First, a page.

Gather ingredients and tools.
Prepare the meat by removing it from packaging, saving the spice packet. Run under water to rinse quickly. Depending on the size of your Instant Pot and your corned beef, you may want to cut the meat into 2-3 chunks. For my 3.6 lb. roast, I cut it into two pieces since I want to be able to slice it later.
Put the meat in the bottom of your inner pot. I like to put the meat with the fat side down, if possible.
Quarter the onion and remove the skin. Chop the celery into a few large chunks as well. Peel the garlic cloves by smashing them with a knife on the cutting board to loosen the hard skin.
Add the vegetables to the pot with the meat, and sprinkle the spice pack into the pot. Drop in the bay leaves.
Pour the Guinness over top of everything.
Put the lid on the Instant Pot, close the vent, and set it to cook on manual, high, for 90 minutes. When the time is up, let it do a natural pressure release for 10 minutes.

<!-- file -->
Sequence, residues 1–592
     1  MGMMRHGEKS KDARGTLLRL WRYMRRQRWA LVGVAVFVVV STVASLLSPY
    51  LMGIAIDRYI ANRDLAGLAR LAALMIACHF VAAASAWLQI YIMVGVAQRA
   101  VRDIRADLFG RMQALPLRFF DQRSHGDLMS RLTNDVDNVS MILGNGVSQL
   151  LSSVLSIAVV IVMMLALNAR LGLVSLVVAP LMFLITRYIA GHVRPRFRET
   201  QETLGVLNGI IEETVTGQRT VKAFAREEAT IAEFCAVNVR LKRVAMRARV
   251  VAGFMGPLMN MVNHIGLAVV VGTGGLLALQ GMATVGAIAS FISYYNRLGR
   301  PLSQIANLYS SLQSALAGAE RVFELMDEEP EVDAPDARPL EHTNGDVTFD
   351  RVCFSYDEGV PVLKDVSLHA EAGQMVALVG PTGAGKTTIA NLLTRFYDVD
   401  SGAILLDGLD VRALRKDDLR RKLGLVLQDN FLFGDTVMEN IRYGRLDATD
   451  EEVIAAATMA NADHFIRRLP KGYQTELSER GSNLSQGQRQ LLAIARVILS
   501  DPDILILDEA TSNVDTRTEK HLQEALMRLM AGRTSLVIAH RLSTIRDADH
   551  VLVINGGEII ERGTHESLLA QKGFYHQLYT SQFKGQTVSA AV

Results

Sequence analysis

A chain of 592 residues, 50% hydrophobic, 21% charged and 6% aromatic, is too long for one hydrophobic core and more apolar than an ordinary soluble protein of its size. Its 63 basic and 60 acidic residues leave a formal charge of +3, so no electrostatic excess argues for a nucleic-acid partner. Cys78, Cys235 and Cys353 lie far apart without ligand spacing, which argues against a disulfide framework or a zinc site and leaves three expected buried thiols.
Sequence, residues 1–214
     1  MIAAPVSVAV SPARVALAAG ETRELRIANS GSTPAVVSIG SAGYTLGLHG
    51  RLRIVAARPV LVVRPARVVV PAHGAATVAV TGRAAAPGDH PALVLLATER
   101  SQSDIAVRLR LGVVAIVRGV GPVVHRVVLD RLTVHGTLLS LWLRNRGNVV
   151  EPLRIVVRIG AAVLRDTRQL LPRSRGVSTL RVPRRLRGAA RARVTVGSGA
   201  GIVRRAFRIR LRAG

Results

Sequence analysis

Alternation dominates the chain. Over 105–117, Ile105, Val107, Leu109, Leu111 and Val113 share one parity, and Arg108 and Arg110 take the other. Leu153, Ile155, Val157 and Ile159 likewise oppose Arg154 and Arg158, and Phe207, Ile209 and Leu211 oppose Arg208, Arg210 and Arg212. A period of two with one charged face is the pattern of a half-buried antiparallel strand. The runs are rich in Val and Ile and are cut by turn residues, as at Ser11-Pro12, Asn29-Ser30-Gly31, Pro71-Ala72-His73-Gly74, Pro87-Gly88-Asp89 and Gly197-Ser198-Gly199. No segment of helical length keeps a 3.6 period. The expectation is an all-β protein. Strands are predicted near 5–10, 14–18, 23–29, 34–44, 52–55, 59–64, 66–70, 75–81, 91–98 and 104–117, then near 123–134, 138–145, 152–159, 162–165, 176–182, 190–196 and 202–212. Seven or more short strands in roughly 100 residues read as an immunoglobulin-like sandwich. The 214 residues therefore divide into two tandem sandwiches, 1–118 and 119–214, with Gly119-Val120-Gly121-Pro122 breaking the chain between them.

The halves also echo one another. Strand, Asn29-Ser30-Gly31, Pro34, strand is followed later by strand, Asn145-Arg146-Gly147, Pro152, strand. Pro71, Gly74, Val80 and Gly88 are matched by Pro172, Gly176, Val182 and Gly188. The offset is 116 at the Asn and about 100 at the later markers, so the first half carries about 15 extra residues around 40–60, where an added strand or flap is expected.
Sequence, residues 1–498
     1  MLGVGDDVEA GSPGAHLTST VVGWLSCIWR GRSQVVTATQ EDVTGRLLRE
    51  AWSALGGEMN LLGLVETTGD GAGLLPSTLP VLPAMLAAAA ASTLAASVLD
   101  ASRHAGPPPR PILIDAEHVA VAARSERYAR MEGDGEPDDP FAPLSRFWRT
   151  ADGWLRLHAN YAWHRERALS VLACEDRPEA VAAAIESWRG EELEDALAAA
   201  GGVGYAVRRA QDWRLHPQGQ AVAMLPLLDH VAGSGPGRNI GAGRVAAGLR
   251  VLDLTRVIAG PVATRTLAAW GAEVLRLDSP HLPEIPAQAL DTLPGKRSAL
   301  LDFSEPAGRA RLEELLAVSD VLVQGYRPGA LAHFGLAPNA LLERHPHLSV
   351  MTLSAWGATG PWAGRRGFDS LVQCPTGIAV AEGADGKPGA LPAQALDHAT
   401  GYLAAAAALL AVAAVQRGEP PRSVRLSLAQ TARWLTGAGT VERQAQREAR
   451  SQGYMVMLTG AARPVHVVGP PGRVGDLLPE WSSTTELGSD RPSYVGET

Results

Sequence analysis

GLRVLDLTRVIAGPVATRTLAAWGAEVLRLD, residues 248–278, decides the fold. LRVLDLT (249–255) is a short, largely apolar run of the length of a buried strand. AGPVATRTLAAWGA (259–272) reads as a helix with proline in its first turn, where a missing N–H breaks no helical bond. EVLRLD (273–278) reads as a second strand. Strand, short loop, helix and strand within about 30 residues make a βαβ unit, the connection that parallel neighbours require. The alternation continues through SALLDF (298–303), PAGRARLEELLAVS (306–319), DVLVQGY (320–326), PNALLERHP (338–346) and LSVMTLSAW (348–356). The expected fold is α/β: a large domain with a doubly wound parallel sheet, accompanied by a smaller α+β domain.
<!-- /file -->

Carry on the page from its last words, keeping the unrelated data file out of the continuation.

Using a slotted spoon, carefully lift the corned beef out of the liquid and set it to rest on the cutting board. Strain the liquid and reserve.Note: the meat will be very tender and smell delicious, but refrain from slicing it until it has a few minutes to rest. Cutting before the meat has rested will cause the juices to run out and will give you a dry corned beef.
After 5-10 minutes resting, you can cut a few slices off. Try to only slice what you need for your meal. The meat is very soft and will tend to shred.
Put the rest of your corned beef into an airtight container and pour back in some of the juices from the pot. This will help keep it moist. Let it rest in the refrigerator overnight.
Once cooled and rested, you can use a sharp knife to carefully cut the corned beef into thin slices.
When reheated in a pan or in the microwave with some pot juices, the highly-marbled wagyu corned beef will literally melt apart.
Enjoy your sliced corned beef in sandwiches, tacos, or however you like! If you want to do corned beef and cabbage, you can cook the cabbage (and potatoes, carrots, etc.) separately, using the juices from the pot.